On May 22, 2011, an EF-5 tornado ripped through the heart of Joplin leaving a path of destruction behind it. With 161 casualties and thousands of injuries, the day forever changed the city. What stood above the debris was the people of Joplin, ready to rebuild their community.
It is easy to think of rebuilding as taking a hammer to a nail. Though, there is more to rebuilding a community than literally rebuilding the structure of the city. There were valuable items that citizens held dear to their hearts that were lost during the devastating tornado.
Photos, for example, are items that were taken from the victims during the ruthless storm. Pictures can capture a moment in time. A memory that a person can look back on. The photo can spring to life and remind the person of the day. It can be a still image of a loved that has since passed. As the saying goes, “a picture is worth a thousand words.” Memories cannot be replaced but having a hard copy of the memory is special.
An organization called National Disaster Photo Rescue, formally known as Lost Photos of Joplin, have made it their mission to recover lost photos gone during the tornado. The name change came about because the organization has branched out from Joplin and has helped communities all around the world. After the Joplin tornado, National Disaster Photo Rescue traveled to Japan after the tsunami to lend a helping hand. They have even been to California to help after wildfires scorched the state. Locally, the organization has been to Texas, Kansas, and Oklahoma, among others.
“Photographs go to the nature of who we are as people. They help us to remember our life in the past they connect us to our future and there’s emotions behind those photographs because they’re memories. They’re special times they’re difficult times but they are part of our life,” said Executive Director of National Disaster Photo Rescue, Thad Beeler.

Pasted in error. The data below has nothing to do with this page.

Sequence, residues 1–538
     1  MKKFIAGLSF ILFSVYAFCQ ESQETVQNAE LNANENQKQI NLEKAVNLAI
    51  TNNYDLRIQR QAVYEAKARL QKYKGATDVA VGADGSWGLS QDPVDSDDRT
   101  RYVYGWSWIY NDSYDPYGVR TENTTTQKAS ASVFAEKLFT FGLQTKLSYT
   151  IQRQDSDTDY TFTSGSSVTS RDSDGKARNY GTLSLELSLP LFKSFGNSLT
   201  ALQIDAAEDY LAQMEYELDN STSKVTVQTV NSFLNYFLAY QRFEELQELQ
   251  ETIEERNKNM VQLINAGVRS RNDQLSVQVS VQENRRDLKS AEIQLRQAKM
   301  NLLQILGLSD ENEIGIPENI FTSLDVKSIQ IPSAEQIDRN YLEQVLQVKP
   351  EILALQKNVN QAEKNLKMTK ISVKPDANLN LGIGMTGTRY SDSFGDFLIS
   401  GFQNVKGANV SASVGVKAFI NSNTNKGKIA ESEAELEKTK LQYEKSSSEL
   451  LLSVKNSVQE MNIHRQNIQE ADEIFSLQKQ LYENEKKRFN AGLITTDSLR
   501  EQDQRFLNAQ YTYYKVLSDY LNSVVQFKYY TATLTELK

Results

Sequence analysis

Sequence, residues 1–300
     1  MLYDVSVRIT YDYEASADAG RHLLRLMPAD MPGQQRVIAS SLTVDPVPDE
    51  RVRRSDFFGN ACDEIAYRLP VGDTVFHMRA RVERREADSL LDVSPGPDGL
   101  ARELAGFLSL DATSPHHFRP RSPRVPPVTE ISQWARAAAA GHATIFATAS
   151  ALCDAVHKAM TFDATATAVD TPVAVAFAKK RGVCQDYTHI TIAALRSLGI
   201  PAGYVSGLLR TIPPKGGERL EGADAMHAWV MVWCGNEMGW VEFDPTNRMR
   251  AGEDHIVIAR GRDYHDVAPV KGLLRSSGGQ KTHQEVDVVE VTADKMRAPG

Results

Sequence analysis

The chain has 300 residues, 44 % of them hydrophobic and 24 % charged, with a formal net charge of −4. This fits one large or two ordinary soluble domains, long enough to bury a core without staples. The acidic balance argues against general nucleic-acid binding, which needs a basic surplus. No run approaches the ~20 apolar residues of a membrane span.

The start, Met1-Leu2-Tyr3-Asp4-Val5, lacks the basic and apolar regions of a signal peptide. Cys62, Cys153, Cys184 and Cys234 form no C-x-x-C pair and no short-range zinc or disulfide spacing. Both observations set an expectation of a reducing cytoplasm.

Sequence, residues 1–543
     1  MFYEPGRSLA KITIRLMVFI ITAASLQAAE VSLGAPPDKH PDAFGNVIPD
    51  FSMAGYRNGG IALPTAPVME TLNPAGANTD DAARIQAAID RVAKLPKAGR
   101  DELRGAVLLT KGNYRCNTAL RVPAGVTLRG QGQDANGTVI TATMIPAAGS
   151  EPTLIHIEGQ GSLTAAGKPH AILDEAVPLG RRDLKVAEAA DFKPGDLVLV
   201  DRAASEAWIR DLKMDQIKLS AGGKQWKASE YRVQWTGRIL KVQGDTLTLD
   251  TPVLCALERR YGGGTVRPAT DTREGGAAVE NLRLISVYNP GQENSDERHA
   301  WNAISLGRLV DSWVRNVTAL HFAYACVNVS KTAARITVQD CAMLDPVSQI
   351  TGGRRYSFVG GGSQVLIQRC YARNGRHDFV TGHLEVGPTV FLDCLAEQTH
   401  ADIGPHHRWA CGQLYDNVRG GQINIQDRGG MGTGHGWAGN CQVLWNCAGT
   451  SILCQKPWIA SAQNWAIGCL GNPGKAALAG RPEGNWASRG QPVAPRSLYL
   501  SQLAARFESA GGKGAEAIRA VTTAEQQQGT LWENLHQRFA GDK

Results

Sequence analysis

Here in Joplin, National Disaster Photo Rescue has saved nearly 30,000 photos found after the tornado. They receive and display the photos on Facebook in hopes that they will find their way home to their original owners. Over 1,000 photos are posted each week. Those who find photographs can drop them off at Joplin History and Mineral Museum where their processing center is located.
“We’ve collected so many images, but what we’ve done is we didn’t just hold on to them, over 18,000, almost 19,000, to date have gone to home to over a thousand homes in Joplin alone,” said Beeler.
An organization such as National Disaster Photo Rescue could not be possible without the volunteers that help recover the photos. It should be noted that this is not a one and done thing. After three years since the Joplin tornado, the organization only recovered half of the tens of thousand photos lost. The long-term volunteerism is nothing to be sneezed at for the reward is well worth it.
“This is an experience as a volunteer that will stay with you for the rest of your life because you’re making a difference in a person’s life, you’re making a difference in a family’s life. You have brought it back to life for them to make the home that they lost not just a house, but a home again,” said Beeler.
National Disaster Photo Rescue is continuing their mission to recovery, preserve and return photographs that were lost a decade ago. One only has to look on Facebook to see the impact that the organization has on the public. Joyous smiles fill the page as people are connected back with their lost photos. After a time where everything seemed uncertain, Lost Photos of Joplin have been doing their part to save photos, memories, and history.